Over the past century, intense settlement and agricultural development have resulted in a loss of more than half the sagebrush ecosystems in the western United States and Canada. Today, these ecosystems continue to be threatened by a variety of changing or intensifying land uses such as urbanization, grazing and agriculture, and especially, energy development. The expanding pressures of habitat loss, as well as habitat fragmentation and other disturbances resulting from these land-use changes, are leading to considerable declines in the numbers and distributions of wildlife species that depend upon sagebrush habitat.
Wyoming alone encompasses approximately one fourth (32 million acres) of the sagebrush communities remaining in North America. Wyoming is also endowed with significant natural gas and wind resources, which are being developed in earnest as our Nation seeks to capitalize on domestic energy sources. Understanding the effects of rapid energy development in Wyoming's wildlife-rich landscape is crucial to discovering how best to limit impacts on sensitive species and habitats. To that end, resource and land managers urgently need scientifically based information that will help them to identify and protect sensitive areas where native species, especially those that depend on sagebrush, can continue to thrive.
The potential effects of rapid land-use change on Wyoming’s wildlife and habitats prompted the U.S. Bureau of Land Management (BLM) and the Wyoming Game and Fish Department (WGFD) to conceive the Wyoming Landscape Conservation Initiative (WLCI) for Southwest Wyoming. In addition to the BLM and WGFD, WLCI partners include the U.S. Geological Survey (USGS), U.S. Fish and Wildlife Service, U.S. Forest Service, and the Wyoming Department of Agriculture. This long-term, science-based endeavor entails a regional or "landscape" approach to assessing and conserving wildlife and their habitats in southwestern Wyoming, while also facilitating responsible energy development.
Wind is a relative newcomer to the energy-development scene. Throughout the western United States, wind-energy development is occurring at a rapid pace, much of it on lands administered by the BLM. With its multiple-use mandate, the BLM must manage these lands for wildlife conservation as well as energy development and other uses. To assist the BLM, FORT GIS specialists recently developed the Wyoming wind turbine data set as part of the WLCI effort. Partners now can use the wind turbine data to evaluate the effects of wind-energy development on Wyoming’s biological resources and incorporate the data into WLCI planning tools and conservation projects. Wind turbine datasets also have been developed for Colorado and New Mexico.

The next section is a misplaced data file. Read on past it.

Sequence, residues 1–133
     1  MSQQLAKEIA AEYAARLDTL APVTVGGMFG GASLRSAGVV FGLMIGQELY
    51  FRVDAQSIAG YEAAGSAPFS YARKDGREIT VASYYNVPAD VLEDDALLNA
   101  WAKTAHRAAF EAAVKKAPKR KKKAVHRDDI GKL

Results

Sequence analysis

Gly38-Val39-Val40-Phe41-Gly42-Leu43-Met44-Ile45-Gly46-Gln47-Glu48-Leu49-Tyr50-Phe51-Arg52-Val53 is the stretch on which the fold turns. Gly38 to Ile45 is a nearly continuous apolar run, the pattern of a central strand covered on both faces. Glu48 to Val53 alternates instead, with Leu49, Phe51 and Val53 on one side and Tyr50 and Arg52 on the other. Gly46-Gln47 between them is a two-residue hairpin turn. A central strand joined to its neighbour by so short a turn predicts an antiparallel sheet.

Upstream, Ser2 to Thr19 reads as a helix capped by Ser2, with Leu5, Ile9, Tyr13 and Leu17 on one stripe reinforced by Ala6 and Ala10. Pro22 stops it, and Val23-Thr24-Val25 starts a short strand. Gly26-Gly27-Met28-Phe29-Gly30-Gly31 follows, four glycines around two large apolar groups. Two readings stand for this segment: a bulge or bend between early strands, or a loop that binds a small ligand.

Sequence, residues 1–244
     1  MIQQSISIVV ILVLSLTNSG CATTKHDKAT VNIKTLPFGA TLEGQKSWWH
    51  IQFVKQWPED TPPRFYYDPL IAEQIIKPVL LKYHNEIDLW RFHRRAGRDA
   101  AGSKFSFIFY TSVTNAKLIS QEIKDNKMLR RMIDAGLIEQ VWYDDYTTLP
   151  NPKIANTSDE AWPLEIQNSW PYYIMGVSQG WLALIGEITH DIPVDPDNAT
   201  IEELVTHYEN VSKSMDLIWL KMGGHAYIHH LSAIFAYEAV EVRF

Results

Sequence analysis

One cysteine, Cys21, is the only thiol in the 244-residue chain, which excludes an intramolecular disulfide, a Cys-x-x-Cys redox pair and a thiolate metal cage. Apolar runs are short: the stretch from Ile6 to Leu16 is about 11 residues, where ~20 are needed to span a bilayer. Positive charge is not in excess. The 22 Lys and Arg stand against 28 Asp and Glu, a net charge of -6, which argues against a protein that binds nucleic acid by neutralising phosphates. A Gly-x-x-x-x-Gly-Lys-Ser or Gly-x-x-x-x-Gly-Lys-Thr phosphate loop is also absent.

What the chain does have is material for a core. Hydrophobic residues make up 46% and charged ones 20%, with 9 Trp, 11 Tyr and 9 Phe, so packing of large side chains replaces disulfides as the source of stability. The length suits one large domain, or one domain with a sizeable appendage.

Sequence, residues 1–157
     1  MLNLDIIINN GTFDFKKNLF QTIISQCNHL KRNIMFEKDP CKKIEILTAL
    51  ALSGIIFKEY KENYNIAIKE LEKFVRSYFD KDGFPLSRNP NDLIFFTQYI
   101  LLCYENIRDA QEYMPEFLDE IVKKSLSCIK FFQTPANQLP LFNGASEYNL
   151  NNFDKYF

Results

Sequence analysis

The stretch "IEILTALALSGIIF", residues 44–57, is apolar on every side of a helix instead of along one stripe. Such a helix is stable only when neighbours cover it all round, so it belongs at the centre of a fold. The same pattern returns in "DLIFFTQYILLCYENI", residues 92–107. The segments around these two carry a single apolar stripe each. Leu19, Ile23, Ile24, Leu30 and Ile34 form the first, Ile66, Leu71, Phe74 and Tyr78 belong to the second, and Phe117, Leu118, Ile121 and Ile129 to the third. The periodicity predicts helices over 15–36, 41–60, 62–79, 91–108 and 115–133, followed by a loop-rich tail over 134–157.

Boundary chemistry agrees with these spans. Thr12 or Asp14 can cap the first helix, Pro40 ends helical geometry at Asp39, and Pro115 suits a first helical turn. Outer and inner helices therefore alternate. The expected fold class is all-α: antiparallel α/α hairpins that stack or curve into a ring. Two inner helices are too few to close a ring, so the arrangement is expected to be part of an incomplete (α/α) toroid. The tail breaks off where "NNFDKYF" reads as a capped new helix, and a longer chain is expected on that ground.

In collaboration with partner agencies, an interdisciplinary team of investigators from the USGS Fort Collins Science Center and 11 other USGS centers has brought biological and ecosystem research and mapping expertise to the partnership to answer key research questions pertaining to energy- and wildlife-rich areas: What is the current status and distribution of habitats and species of conservation concern? What will happen at ecoregional and local scales to species of concern as development occurs? What monitoring infrastructure is needed to evaluate ecosystem changes over time and help implement adaptive management to prevent or mitigate harmful impacts? These and many other questions are being addressed in a variety of research projects currently underway, with more being developed.
To learn more about specific aspects of this critical work, click on the associated project titles:
- Disturbance and Reclamation Data Management Systems (DARDMS)
- DOI on the Landscape, Sagebrush Ecosystems: Landscape-Scale Modeling to Address Management Priorities for Sagebrush Habitats and Sagebrush-Obligate Wildlife Species
- Ecological Impacts of Roads and Road Use on Wildlife
- Evaluating Species Models for the Ecoregional Analysis of Sagebrush Ecosystems within the Wyoming Basins
- Habitat Prioritization for Selected Raptor Species in Wyoming
- Landscape Genetics of Greater Sage-grouse in Wyoming
- Mapping Surface Disturbance of Energy-Related Infrastructure in Southwest Wyoming: An Assessment of Methods
- Natural Resource Preservation Program: Gunnison Sage-Grouse Chick Survival and Landscape Population Modeling
- Natural Resources Preservation Program: Gunnison Sage-Grouse Habitat Selection: Developing a Landscape-Level Habitat Map Predicting Sagebrush, Herbaceous, and Bare Ground Cover
- Pinedale Anticline Data Management System
- Quantifying Sagebrush-Steppe Habitat Structure Using Light Detection And Ranging (LiDAR) data: An Evaluation in Southwestern Wyoming
- Sagebrush Ecosystems Coordinated Research: Determining the Effects of Energy Development on Sagebrush Ecosystems—Invasive Plants
- Sagebrush Ecosystems: Landscape-Scale Modeling to Address Management Priorities for Sagebrush Habitats and Sagebrush-Obligate Wildlife Species
- Stratton Sagebrush Ecological Research Site: An Experimental Approach to Assess Various Grazing Treatments on Vegetation and Wildlife Communities across Managed Burns and Habitat Controls
- Wyoming Landscape Conservation Initiative: Baseline Synthesis
- Wyoming Landscape Conservation Initiative: Decision-Making and Evaluation
- Wyoming Landscape Conservation Initiative: Effectiveness Monitoring
- Wyoming Landscape Conservation Initiative: Inventory and Long-Term Monitoring
- Wyoming Landscape Conservation Initiative: Mechanistic Studies of Wildlife